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Historic International Support: Gaza Freedom March
Hundreds of activists from more than 40 countries staged demonstrations and sit-ins in Cairo to protest the Egyptian government’s refusal to allow them to cross the border into Gaza. Our own Michael Ratner and his family are among the 1,300 solidarity marchers in the Gaza Freedom March. Among the marchers were 300 from the United States, 80 from New York State and 250 marchers from France. Last week organizers said an offer by Egyptian authorities to allow only 100 members of the group into Gaza was not enough. The Egyptian embassy has stalled the marchers and some were detained by police as crowds outside the embassies grew.
Abdeen Jabara / Dorothy Zellner:
This has truly been one of the truly great, historic, international mobilizations of people in solidarity.
Thousands upon thousands over the course of months have been working in over 42 countries around the globe.They go to Cairo, Egypt as a transit point to go to Gaza.This effort has heightened the consciousness about the siege on Gaza and exposed the United States, Israel and the Egyptian government to promote the division of the middle east for their own selfish reasons.There is the Gaza Freedom March, then there is Viva Palestina, which is a convoy of trucks loaded with humanitarian aid that actually made it into Gaza several months ago.
Viva Palestina is led by George Galloway, former British parliament member; they are stuck in Jordan.
The Egyptians initially said the trucks can go through but the people can’t. This is a massive international effort to prevent the Palestinians from getting the help that they need.
The French have been lying down in the streets in front of the French Embassy for 3 days already.
The Gaza Freedom March had been working with the Egyptians for months and it was only until the organizers got to Cairo that the Egyptians changed their decision.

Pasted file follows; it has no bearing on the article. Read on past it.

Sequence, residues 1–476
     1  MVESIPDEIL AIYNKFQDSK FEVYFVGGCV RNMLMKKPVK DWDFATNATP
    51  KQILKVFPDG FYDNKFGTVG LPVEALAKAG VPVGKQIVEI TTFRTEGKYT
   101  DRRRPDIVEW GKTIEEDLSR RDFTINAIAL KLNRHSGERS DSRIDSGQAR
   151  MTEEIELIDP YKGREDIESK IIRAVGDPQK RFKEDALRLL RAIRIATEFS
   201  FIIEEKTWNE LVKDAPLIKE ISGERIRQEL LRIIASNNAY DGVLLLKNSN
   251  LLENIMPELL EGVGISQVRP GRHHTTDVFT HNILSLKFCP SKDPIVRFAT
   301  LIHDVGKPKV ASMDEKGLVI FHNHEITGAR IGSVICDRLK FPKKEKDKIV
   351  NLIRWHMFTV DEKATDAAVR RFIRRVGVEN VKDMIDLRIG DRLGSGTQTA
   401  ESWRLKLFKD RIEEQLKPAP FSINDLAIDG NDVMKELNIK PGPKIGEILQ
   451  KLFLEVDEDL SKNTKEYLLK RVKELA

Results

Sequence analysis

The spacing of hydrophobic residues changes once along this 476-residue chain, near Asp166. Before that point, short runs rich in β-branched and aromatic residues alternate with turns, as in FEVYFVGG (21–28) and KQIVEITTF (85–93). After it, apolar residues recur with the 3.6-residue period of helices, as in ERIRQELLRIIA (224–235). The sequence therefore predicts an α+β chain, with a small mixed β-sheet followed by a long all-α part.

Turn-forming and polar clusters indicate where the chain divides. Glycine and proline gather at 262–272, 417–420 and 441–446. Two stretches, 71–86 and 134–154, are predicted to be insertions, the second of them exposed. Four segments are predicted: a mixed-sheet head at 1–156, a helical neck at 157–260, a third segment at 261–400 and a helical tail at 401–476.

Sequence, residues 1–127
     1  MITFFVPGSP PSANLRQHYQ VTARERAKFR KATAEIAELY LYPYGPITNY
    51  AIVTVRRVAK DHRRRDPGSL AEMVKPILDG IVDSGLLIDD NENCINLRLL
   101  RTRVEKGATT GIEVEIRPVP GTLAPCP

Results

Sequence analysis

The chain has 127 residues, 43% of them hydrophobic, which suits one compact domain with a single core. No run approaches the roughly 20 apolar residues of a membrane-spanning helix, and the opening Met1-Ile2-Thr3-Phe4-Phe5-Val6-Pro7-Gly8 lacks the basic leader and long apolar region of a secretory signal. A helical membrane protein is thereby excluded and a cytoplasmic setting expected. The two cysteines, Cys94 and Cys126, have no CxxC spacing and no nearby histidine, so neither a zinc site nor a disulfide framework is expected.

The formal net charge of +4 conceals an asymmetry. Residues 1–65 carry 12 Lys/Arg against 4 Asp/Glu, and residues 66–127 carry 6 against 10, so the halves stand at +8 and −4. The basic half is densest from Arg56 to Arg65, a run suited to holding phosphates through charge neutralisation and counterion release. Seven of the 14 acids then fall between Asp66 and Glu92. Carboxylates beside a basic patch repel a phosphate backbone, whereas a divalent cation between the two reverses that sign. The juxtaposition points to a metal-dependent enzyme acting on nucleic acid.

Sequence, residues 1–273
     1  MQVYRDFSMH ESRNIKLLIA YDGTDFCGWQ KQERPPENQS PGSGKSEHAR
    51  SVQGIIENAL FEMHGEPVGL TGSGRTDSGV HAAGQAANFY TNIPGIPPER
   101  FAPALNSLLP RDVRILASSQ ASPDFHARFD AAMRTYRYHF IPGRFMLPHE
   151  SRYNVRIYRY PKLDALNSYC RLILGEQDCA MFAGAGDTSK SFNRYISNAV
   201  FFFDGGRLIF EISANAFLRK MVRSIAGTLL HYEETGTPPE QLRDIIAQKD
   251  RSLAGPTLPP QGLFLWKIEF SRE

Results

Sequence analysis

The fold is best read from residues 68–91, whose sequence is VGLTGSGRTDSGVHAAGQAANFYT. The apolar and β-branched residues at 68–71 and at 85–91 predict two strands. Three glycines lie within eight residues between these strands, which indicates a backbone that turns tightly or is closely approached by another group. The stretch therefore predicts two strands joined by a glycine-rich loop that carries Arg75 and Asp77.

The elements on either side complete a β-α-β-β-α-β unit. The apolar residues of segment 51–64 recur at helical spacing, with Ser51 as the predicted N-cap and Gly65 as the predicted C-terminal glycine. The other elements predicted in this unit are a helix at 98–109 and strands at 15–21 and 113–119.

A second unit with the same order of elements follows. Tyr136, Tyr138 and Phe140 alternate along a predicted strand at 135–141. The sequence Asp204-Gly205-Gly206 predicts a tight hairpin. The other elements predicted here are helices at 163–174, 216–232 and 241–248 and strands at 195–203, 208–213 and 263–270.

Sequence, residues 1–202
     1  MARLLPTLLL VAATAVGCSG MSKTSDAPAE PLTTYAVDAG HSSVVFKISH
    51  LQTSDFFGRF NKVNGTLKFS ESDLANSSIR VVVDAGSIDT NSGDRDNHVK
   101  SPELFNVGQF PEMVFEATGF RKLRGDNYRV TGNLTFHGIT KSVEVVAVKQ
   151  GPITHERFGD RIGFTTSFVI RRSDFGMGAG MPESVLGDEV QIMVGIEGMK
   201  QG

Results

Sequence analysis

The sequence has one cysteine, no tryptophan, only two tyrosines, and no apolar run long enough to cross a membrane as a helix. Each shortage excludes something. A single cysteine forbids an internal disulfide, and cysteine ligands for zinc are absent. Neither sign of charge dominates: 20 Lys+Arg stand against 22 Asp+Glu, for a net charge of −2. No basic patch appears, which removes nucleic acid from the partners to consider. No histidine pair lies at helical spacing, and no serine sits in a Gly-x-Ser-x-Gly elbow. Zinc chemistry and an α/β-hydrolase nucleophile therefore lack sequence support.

They said we didn’t come here to create any difficulty for the government, we came here to stand in solidarity with the Palestinians in Gaza.
The Egyptian government then allowed 100 people to come through to Gaza, and to give them the names in 2 hours. A divide and rule approach, more conflict against the marchers.
Congress voted to make Egypt the second largest aid recipient in the world: $1.7 billion annually.
Congress tried to take $100 million away from Egypt because of the “smuggling tunnels to Gaza.” Egypt got the message. Egypt is not a democracy, Mubarak has been in power since 1981. It’s essentially a police state; they have more people in their intelligence and police than they have in the Army.
Egypt is planning to put in (with the help of the US Army Corps of Engineers) metal barriers, 50 feet into the ground to prevent tunneling to Gaza. Sixty percent of the Gaza is dependent upon that tunnel trade.
This is the largest civilian population of the world that is completely trapped. If you ever go to Gaza, this could be the Riviera of the Mediterenean. This could be an unbelievable place if they would let them live like human beings.
Guests – Abdeen Jabara and Dorothy Zellner give a broader scope on the Gaza Freedom March and the significance of the demonstrations. Abdeen Jabara is a civil rights lawyer and former president of the American-Arab Anti-Discrimination Committee. Dorothy Zellner is a civil rights activist with Jews Say No who has organized groups opposing Israeli violence in the Occupied Territories.